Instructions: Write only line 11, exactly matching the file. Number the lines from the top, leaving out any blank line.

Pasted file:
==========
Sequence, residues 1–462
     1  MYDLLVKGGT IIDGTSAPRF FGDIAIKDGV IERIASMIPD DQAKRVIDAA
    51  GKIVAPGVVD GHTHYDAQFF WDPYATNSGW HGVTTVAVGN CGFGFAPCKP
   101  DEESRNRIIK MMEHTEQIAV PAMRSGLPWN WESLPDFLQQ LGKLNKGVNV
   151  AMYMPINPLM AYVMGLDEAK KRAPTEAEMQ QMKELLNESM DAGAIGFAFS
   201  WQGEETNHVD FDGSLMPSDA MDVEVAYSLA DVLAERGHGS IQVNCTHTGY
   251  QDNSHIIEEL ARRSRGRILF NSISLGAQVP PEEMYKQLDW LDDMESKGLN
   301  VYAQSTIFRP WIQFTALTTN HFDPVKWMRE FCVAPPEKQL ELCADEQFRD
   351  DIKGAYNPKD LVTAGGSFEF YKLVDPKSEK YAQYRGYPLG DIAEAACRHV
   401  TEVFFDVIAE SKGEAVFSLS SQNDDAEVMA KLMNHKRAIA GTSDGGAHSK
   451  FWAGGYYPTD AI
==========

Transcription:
   451  FWAGGYYPTD AI